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On Viscosity

(Or, how to make stuff thick)

I have been inquisitive my entire life. This is not a braggart’s proclamation; on the contrary, I wish I could simply take things as they’re handed to me. But no, I always have to question; I like to know the reasoning behind something, but more importantly I like to know how things work.

When I was a young culinary student, one of the instructors in the preliminary classes stated that we were not there to learn recipes, that anyone can follow a recipe. We were to learn to cook. If you simply learn recipes, he said, that’s what you know. But if you learn to cook, you can you make any recipe, and you probably won’t need them. During those early years my bedtime reading was Harold McGee’s On Food and Cooking, Prosper Montagné’s The New Larousse Gastronomique, and August Escoffier’s Le Guide Culinaire. I was a sponge.

Traditional Roux

Melt butter in any amount, let rest for a short while, and skim off the butterfat and reserve; discard the milky liquid (whey) left behind. Heat the butterfat in a heavy pan and stir in an equal amount flour; it should take on the consistency of wet sand. Lower the heat and cook, while stirring, about five minutes, longer if you want a darker roux. Use as is, or cover and refrigerate.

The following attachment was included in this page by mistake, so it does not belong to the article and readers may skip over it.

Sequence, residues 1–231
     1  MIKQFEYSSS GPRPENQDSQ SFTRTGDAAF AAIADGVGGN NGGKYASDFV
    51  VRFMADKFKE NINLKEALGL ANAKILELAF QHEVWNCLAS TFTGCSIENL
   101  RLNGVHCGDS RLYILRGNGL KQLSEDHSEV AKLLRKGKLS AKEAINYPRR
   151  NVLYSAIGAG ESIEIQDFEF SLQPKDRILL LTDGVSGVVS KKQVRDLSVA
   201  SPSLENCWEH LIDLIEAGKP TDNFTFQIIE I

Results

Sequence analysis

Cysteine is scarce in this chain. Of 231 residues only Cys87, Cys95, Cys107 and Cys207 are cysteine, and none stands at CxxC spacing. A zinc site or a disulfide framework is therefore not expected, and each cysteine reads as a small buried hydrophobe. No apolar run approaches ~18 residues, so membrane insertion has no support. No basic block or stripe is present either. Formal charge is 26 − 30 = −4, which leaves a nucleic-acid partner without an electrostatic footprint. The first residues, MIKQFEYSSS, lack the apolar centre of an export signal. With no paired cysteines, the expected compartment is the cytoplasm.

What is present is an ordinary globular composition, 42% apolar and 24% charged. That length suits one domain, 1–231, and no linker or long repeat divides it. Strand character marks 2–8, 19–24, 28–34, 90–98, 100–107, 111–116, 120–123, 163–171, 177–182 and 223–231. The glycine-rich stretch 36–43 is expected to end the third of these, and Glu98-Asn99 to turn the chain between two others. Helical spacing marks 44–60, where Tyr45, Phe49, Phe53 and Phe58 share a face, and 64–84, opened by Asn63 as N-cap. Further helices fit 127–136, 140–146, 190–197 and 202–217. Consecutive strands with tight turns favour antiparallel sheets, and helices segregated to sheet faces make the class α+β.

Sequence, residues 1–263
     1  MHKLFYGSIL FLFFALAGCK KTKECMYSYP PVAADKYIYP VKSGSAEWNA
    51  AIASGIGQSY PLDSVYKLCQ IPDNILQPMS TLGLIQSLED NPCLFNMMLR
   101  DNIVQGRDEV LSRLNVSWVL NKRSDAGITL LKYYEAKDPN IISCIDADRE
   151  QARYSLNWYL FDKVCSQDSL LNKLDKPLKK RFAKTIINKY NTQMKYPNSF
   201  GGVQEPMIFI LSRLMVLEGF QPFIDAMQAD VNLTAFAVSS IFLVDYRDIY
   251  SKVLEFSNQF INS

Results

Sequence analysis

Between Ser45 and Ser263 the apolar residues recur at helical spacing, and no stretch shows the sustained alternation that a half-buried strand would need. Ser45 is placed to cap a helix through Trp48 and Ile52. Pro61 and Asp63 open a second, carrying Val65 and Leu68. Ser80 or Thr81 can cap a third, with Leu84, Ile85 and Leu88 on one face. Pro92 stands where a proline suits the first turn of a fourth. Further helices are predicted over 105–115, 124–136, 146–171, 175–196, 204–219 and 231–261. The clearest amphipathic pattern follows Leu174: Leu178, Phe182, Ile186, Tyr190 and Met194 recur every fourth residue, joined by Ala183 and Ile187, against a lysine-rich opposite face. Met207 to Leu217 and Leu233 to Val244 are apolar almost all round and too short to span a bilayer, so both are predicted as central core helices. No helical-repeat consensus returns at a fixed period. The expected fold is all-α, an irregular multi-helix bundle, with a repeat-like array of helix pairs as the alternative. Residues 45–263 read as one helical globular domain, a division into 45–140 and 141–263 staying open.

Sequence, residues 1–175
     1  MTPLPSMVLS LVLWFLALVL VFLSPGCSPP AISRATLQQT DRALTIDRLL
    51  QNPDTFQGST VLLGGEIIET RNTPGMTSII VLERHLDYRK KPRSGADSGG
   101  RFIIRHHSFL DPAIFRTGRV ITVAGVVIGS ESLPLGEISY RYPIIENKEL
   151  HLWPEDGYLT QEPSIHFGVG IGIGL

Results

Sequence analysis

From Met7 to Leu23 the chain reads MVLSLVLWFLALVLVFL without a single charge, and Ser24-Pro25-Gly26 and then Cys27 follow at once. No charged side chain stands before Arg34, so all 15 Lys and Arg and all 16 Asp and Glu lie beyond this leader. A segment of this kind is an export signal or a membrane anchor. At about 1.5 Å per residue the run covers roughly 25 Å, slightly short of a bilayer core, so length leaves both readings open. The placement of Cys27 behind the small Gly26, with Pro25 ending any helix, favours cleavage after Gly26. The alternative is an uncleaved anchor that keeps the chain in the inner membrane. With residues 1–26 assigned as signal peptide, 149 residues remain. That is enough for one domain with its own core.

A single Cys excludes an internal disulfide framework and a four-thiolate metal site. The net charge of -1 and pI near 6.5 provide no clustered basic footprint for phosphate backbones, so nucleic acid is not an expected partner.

Shrimp Étouffée

Yield: 4 servings

2 pounds large gulf shrimp (raw with shells on)
3 cups fish or chicken stock
1/3 cup vegetable oil
1/3 cup flour
1 medium onion, diced
2 stalks celery, diced
1 medium carrot, peeled and diced
3 cloves garlic, minced
2 teaspoons paprika
1 teaspoon salt
1 teaspoon basil
1 teaspoon cayenne pepper
1/2 teaspoon thyme
1/2 teaspoon ground black pepper
1 cup crushed tomatoes (canned)
1/4 cup fresh lemon juice
1 bunch green onions, sliced crossways

Peel and de-vein the shrimp, set aside. Discard the veins and add the shells to the stock. Simmer the shells for 20 minutes. Strain the through a fine sieve; discard the shells, reserve the stock.